6. There is a McDonald's two blocks from Ground Zero. Trust me, McDonald's has killed far more people than the terrorists.

7. During an economic depression or a time of war, fascists are extremely skilled at whipping up fear and hate and getting the working class to blame "the other" for their troubles. Lincoln's enemies told poor Southern whites that he was "a Catholic." FDR's opponents said he was Jewish and called him "Jewsevelt." One in five Americans now believe Obama is a Muslim and 41% of Republicans don't believe he was born here.

8. Blaming a whole group for the actions of just one of that group is anti-American. Timothy McVeigh was Catholic. Should Oklahoma City prohibit the building of a Catholic Church near the site of the former federal building that McVeigh blew up?

9. Let's face it, all religions have their whackos. Catholics have O'Reilly, Gingrich, Hannity and Clarence Thomas (in fact all five conservatives who dominate the Supreme Court are Catholic). Protestants have Pat Robertson and too many to list here. The Mormons have Glenn Beck. Jews have Crazy Eddie. But we don't judge whole religions on just the actions of their whackos. Unless they're Methodists.

10. If I should ever, God forbid, perish in a terrorist incident, and you or some nutty group uses my death as your justification to attack or discriminate against anyone in my name, I will come back and haunt you worse than Linda Blair marrying Freddy Krueger and moving into your bedroom to spawn Chucky. John Lennon was right when he asked us to imagine a world with "nothing to kill or die for and no religion, too." I heard Deepak Chopra this week say that "God gave humans the truth, and the devil came and he said, 'Let's give it a name and call it religion.' " But John Adams said it best when he wrote a sort of letter to the future (which he called "Posterity"): "Posterity! You will never know how much it cost the present Generation to preserve your Freedom! I hope you will make a good use of it. If you do not, I shall repent in Heaven that I ever took half the Pains to preserve it." I'm guessing ol' John Adams is up there repenting nonstop right now.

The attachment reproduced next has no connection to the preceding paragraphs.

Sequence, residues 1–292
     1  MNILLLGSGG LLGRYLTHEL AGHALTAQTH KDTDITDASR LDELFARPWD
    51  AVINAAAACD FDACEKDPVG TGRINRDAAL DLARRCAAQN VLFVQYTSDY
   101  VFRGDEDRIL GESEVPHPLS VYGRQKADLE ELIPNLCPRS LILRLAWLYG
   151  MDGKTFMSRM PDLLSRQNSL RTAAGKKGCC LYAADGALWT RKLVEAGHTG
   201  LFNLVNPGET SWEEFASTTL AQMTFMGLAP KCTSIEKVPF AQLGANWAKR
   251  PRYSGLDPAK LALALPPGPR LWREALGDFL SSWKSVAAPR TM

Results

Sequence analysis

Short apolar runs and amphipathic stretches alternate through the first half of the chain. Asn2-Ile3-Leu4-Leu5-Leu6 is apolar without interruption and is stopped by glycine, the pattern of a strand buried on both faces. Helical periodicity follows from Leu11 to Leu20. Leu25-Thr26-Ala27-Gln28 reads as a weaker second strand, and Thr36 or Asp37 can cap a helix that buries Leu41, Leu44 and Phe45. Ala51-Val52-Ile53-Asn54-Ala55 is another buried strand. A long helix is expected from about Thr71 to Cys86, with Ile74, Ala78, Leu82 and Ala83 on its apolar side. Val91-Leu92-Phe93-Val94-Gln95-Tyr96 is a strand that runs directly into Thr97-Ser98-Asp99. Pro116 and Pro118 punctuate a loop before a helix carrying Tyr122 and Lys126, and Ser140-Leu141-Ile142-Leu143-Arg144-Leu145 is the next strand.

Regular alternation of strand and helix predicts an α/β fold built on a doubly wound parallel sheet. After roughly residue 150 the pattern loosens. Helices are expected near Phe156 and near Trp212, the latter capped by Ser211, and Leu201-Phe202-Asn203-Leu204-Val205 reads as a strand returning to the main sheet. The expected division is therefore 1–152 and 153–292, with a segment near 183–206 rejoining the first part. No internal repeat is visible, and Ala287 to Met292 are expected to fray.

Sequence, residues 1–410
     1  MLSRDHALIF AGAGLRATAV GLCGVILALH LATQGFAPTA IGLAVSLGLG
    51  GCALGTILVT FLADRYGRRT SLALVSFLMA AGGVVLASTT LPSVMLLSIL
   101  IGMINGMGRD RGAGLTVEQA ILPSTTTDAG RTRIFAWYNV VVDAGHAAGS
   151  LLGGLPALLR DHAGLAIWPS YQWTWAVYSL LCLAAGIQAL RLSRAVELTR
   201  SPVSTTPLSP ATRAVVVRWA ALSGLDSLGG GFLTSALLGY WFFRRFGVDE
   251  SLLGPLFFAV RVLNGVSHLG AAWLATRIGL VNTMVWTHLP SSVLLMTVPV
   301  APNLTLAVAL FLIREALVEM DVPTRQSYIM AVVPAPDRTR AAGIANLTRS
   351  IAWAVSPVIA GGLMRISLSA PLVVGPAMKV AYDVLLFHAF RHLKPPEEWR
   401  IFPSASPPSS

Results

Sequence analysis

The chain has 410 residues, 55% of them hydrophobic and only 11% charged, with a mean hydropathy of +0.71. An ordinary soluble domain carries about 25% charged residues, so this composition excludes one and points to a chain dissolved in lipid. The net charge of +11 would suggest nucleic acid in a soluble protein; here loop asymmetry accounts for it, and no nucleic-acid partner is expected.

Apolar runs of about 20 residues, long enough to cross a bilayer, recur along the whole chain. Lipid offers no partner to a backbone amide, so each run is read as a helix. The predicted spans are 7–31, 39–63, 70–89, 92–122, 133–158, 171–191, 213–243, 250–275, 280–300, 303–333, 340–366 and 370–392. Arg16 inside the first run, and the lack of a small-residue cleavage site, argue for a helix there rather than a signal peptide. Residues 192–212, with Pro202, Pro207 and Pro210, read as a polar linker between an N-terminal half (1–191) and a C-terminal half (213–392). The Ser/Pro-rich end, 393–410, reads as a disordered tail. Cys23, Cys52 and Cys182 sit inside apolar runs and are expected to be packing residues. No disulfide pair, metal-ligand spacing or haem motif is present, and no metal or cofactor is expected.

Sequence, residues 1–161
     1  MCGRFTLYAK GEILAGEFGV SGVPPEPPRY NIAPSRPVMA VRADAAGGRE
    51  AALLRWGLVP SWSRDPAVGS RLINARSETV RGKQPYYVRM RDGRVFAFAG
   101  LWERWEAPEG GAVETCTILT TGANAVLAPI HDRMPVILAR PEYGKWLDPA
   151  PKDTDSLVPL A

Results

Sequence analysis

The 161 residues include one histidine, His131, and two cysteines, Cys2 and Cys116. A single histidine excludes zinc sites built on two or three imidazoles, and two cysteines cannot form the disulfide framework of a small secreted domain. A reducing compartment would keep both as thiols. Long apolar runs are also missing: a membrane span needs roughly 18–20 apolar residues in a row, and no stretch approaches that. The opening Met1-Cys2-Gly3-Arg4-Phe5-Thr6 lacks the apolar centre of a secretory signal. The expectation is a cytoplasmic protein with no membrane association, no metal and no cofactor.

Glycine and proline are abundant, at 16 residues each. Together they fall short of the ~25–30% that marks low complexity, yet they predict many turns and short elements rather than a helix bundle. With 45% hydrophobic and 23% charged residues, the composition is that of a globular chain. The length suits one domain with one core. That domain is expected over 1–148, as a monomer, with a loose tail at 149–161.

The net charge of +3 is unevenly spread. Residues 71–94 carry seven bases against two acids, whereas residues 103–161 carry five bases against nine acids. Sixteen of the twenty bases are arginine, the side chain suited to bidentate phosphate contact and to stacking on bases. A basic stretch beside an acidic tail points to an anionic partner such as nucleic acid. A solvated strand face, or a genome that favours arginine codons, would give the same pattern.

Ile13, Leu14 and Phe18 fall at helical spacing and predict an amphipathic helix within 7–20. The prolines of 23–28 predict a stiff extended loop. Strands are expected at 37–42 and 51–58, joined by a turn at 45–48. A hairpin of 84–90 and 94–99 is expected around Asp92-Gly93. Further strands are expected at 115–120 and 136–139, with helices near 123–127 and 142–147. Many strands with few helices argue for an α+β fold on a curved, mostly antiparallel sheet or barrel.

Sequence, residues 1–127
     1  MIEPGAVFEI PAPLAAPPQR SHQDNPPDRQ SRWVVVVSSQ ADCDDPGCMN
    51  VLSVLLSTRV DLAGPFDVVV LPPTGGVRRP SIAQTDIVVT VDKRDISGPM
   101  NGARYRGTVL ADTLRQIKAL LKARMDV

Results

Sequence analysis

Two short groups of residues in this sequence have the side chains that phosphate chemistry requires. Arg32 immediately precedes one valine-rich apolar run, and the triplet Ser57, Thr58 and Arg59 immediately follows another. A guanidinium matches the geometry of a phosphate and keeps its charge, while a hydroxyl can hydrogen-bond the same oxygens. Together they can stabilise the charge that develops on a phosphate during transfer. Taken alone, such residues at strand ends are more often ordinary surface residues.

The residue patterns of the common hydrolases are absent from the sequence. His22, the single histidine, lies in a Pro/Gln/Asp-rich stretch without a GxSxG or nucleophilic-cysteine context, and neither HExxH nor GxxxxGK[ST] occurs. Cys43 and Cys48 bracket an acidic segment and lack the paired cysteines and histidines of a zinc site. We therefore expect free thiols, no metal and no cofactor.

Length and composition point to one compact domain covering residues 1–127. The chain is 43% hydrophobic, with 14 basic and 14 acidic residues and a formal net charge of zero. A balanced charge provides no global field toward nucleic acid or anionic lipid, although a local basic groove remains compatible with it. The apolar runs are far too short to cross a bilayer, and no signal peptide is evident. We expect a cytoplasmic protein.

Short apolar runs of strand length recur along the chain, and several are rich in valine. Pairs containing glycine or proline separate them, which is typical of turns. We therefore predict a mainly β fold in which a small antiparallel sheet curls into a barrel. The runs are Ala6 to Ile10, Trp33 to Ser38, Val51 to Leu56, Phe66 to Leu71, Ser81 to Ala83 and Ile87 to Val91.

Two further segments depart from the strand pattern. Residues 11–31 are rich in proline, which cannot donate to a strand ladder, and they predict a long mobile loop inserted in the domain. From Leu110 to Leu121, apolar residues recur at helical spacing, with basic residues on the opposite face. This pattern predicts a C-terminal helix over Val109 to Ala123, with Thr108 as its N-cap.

Friends, we all have a responsibility NOW to make sure that Muslim community center gets built. Once again, 70% of the country (the same number that initially supported the Iraq War) is on the wrong side and want the "mosque" moved. Enormous pressure has been put on the Imam to stop his project. We have to turn this thing around. Are we going to let the bullies and thugs win another one? Aren't you fed up by now? When would be a good time to take our country back from the haters?

I say right now. Let's each of us make a statement by donating to the building of this community center! It's a nonprofit, tax-exempt organization and you can donate a dollar or ten dollars (or more) right now through a secure pay pal account by clicking here. I will personally match the first $10,000 raised (forward your PayPal receipt to webguy@michaelmoore.com). If each one of you reading this blog/email donated just a couple of dollars, that would give the center over $6 million, more than what Donald Trump has offered to buy the Imam out. C'mon everyone, let's pitch in and help those who are being debased for simply wanting to do something good. We could all make a huge statement of love on this solemn day.

I lost a co-worker on 9/11. I write this today in his memory.


"The man who speaks of the enemy / Is the enemy himself."
-- Bertolt Brecht
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Old 09-14-2010, 12:52 PM   #267